Looking further ahead, an important milestone to be celebrated is the consecration of Lodge number 10,000, which will be duly heralded next year. That and other upcoming events will offer the UGLE the chance to match its Tercentary celebration in 2017 at the Royal Albert Hall. These occasions demonstrate the richness and importance of the Freemasons’ history and heritage, as well as the essential benevolence of the organisation’s core values and teachings – all while showcasing the fun side of Freemasonry.
Freemasons are leading a project to help up to 33,000 adult, young and parent carers, with donations of more than £715,000.
According to Carers UK, the number of carers grew exponentially during the pandemic, reaching more than 13 million. The helping hand from the Freemasons is supporting them with essential items, life skills, counselling, crisis support, activities and breaks.
Approximately 20,000 unpaid carers are receiving access to crucial support online, funded by the United Grand Lodge of England (UGLE), the governing body of the Freemasons.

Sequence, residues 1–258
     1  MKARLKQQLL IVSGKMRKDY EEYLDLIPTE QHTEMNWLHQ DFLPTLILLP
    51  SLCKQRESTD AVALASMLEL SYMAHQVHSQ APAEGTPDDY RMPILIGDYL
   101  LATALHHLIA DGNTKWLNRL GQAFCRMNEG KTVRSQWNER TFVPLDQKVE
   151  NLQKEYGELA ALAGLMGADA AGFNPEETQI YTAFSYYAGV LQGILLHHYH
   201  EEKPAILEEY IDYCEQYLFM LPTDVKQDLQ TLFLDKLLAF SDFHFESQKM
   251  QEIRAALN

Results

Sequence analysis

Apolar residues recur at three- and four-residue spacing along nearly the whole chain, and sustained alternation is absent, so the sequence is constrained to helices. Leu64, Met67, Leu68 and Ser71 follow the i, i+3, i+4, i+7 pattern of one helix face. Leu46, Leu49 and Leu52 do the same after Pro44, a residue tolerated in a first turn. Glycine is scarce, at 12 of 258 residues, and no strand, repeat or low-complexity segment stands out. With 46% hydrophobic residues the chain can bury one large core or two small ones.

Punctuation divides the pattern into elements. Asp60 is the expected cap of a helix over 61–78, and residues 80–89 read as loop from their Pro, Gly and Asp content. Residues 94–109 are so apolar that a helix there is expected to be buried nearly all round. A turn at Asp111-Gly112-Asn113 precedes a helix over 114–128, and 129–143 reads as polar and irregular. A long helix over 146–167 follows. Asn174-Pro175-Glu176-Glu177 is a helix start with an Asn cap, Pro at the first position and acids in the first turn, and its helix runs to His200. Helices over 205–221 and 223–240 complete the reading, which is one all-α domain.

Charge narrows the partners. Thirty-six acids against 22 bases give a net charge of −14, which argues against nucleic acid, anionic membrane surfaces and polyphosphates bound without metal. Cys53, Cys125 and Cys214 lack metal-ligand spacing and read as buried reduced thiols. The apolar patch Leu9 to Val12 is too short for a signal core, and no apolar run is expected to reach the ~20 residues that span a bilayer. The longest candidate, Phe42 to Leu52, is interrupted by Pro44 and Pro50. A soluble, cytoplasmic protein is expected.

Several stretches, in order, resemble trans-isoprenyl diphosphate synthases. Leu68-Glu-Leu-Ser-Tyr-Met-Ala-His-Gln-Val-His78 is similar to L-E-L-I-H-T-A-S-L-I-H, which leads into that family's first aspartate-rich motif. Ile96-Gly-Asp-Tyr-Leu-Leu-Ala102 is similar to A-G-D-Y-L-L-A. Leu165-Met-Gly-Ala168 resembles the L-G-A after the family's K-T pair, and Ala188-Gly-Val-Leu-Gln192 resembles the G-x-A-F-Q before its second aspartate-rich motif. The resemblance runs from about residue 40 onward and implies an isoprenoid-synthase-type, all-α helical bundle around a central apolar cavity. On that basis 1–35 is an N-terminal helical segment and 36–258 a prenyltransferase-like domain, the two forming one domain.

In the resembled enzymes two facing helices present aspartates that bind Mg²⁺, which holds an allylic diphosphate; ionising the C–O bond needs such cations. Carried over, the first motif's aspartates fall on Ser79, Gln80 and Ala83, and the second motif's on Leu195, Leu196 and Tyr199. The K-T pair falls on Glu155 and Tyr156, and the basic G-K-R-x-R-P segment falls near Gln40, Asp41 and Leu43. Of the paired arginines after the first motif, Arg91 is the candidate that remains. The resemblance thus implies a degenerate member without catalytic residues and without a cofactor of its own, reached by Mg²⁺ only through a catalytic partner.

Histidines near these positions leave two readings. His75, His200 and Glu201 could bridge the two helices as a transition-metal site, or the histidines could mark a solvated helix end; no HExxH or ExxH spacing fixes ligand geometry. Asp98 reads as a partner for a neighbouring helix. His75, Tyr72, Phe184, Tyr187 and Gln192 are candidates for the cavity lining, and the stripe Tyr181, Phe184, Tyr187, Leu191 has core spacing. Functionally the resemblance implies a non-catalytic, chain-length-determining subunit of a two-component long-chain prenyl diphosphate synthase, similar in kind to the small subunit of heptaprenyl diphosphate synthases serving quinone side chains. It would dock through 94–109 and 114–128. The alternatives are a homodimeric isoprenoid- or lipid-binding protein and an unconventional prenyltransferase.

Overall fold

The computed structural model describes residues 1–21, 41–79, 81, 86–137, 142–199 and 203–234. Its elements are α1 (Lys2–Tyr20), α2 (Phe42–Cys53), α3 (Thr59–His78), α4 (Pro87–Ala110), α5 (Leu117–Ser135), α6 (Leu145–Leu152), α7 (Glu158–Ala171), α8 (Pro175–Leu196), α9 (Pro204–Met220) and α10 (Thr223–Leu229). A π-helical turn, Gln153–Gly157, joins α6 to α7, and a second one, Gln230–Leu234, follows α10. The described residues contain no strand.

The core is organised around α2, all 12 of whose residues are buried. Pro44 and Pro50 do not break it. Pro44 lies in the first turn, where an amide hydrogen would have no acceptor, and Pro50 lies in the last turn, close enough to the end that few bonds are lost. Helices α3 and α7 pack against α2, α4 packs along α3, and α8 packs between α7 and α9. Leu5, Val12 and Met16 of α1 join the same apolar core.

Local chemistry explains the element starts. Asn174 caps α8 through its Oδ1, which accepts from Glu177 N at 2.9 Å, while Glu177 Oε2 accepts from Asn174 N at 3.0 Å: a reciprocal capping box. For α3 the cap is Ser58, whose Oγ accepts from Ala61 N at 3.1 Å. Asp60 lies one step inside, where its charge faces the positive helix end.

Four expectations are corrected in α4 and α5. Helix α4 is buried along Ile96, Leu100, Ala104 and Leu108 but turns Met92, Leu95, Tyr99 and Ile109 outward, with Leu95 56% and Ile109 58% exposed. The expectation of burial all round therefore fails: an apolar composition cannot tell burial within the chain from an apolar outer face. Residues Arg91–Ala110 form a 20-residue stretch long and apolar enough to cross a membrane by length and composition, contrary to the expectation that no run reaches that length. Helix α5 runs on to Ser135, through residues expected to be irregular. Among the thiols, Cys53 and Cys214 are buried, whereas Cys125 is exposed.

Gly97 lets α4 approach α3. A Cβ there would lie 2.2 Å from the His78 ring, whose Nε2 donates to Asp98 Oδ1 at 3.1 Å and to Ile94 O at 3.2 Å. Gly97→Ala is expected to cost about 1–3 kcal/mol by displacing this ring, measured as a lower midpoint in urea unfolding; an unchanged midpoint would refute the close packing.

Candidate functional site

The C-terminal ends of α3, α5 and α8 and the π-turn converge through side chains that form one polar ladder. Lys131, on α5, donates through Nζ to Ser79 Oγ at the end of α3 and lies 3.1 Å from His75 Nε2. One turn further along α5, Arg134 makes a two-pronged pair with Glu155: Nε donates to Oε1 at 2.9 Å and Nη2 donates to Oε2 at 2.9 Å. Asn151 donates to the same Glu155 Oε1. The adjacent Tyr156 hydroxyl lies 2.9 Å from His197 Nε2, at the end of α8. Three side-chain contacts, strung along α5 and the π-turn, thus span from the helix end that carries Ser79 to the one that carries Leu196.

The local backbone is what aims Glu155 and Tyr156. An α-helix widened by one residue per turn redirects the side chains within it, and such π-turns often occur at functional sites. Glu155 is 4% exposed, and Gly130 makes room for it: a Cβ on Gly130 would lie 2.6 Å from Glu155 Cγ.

The UGLE is also working to protect young carers, who are under increasing pressure as they support family members during lockdown.
In particular, the Freemasons project is providing 870 young carers with respite through activities and breaks, while 760 young carers are being provided with essential items and life skills. Elsewhere, almost 100 schools are receiving assistance to identify hidden young carers and provide support.
In total, more than 1,800 young carers are receiving advice, support and information.
In addition to their support for young carers, the Freemasons are providing funding for crisis support, advice and information to almost 3,000 adult carers. Meanwhile, the project is also assisting 1,050 parent carers with advice and support.
Dr David Staples, chief executive of the UGLE, said: “These have been very difficult times for everyone and especially for carers. With the donations, we are helping with training, counselling, support, mental and physical health, as well as activities to reduce stress.
“We want to recognise the enormous contribution carers make to families and communities throughout the UK. They do their best because they want to make a difference and care deeply for their family members.”